Aerospace & Defense

Plastic Injection Molding for Aerospace & Military/Defense Industries

Aerospace Plastic Injection MolderPlastics and composite materials are critical to modern component design for airplanes and defense products. They combine light weight with high strength and temperature resistance for structural components, electrical products and optical applications.

Parts can be highly engineered to meet demanding requirements, and careful quality control is needed to ensure consistent product. Typical tolerances are +/- 0.00025” (0.0064mm), confirmed using either measuring microscopes or fully automated (CMM) Coordinate Measuring Machines.

In general, molding is not optimized for high-volume production, but carefully-controlled to reduce stress that would affect characteristics of the finished piece.

Materials & Processes

Most applications involve engineered resins and complex mold cavities. Careful control of the molding process, including gate design, temperature and pressure, is necessary to yield quality parts.

Additionally, many parts require multiple post-processing steps, including drilling, machining, plating and fabrication. Plastic Molded Concepts provides these services under one roof to maintain consistent management control – ‘One throat to choke.’ This helps reduced the cost of purchasing.

Plastic Molded Concepts is frequently the ‘Go To’ molder to complete the job after another molder has tried and failed to deliver parts. Our experience with complex projects, and our tight relationship with multiple resin suppliers gives us the knowledge base to get it done right.

Special Considerations

Engineered resins and complex part design require a molder to go far beyond standard operations. It is important to consider the physics of the molding process, and the chemistry of what happens to resins at elevated temperatures.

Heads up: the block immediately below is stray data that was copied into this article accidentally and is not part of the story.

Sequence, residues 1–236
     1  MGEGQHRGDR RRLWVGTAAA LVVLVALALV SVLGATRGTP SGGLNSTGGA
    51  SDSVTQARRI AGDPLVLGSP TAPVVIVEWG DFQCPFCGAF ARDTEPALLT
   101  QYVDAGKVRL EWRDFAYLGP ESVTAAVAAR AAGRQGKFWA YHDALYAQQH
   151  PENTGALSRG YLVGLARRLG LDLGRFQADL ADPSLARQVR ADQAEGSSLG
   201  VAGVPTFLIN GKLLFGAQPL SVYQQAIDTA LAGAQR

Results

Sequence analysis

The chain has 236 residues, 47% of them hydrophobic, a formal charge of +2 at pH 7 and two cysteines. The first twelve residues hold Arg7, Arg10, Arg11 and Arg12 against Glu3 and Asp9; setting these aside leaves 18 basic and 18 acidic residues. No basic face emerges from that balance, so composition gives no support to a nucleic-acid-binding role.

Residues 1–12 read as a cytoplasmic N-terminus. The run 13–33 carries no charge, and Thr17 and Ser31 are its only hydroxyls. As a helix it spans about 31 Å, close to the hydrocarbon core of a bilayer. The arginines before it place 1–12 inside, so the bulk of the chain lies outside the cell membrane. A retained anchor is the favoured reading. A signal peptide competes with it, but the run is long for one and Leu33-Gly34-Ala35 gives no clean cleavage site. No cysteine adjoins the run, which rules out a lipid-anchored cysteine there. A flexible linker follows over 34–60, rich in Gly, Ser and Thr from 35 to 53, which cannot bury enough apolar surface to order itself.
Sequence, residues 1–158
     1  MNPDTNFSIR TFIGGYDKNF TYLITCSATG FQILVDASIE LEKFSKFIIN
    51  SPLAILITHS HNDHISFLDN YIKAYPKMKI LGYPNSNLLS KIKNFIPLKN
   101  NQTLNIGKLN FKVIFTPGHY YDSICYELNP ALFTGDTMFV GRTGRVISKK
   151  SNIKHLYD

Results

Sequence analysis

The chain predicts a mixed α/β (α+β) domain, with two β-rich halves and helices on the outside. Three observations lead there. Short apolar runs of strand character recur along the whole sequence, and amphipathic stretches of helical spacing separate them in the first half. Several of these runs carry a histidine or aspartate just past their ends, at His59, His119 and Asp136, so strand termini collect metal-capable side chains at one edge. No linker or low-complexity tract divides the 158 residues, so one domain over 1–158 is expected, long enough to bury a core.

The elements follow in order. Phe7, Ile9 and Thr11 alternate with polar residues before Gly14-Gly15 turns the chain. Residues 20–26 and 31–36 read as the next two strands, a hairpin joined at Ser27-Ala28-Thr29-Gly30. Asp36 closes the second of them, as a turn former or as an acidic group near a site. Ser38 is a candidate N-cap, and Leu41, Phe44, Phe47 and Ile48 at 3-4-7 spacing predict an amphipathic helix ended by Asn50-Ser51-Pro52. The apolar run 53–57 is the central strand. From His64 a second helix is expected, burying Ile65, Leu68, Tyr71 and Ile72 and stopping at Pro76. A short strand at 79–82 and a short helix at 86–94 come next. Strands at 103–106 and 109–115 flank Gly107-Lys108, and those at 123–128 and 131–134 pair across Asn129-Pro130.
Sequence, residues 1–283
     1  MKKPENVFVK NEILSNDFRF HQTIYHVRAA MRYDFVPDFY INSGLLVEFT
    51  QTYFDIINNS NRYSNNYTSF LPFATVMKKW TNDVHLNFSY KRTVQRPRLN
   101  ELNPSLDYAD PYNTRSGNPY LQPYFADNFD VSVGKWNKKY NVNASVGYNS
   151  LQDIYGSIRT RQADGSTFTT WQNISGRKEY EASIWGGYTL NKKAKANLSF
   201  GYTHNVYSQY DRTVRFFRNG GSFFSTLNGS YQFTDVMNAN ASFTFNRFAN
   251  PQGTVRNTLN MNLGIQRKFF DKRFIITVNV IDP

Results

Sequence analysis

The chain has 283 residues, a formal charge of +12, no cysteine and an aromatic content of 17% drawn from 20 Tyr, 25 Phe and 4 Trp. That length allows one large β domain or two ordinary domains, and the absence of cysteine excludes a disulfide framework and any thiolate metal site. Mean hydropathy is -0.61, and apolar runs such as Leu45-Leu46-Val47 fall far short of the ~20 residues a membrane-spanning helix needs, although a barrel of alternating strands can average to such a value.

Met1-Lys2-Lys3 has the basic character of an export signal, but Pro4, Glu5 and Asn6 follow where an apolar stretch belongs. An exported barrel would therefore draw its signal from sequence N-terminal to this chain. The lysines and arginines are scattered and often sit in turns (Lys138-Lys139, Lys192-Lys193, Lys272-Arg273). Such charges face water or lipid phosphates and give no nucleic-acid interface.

Plastic Molded Concepts was an early champion of in-mold monitoring of shot pressure. By studying the behavior of viscous fluids (rheology), we can optimize the molding process for every cycle. (Insight: molding is not ‘set and forget.’ There are many reasons why resins will NOT behave the same way from one shot to the next).

Just as important, some resins are sensitive to temperature and pressure. Even if barrel temperatures are held to a minimum, sensitive compounds can undergo degradation if frictional gate dynamics are not monitored.

Finally, many defense contracts require US manufacture, with tight access controls, a disaster recovery plan and compliance with ITAR regulations. Our centrally-located Eagle, Wisconsin, facility meets all these requirements.

How to Get the Best Results

Many aerospace and defense contractors partner with a molder early in the design/engineering process. They find this the best way to get the product characteristics they need in a finished system. Sometimes this involves adjusting part design assistance based on molding physics, in order to minimize stresses and resin failures. The molder will suggest changes in draft angle and gate placement to distribute resin evenly in the cavity.

Molders may also address dimensional stability (Insight: some resins show dimensional changes long after molding – these changes are predictable and critical to understanding how to make parts with critical size requirements).

At the same time, program specifications are subject to change, and molders must be able to respond quickly to change orders. Even contractors that typically work with foreign suppliers find that they get better results by ‘Onshoring’ molding operations.

A centrally-located US manufacturer can reduce time-to-market and turn a project into a revenue-generator quickly.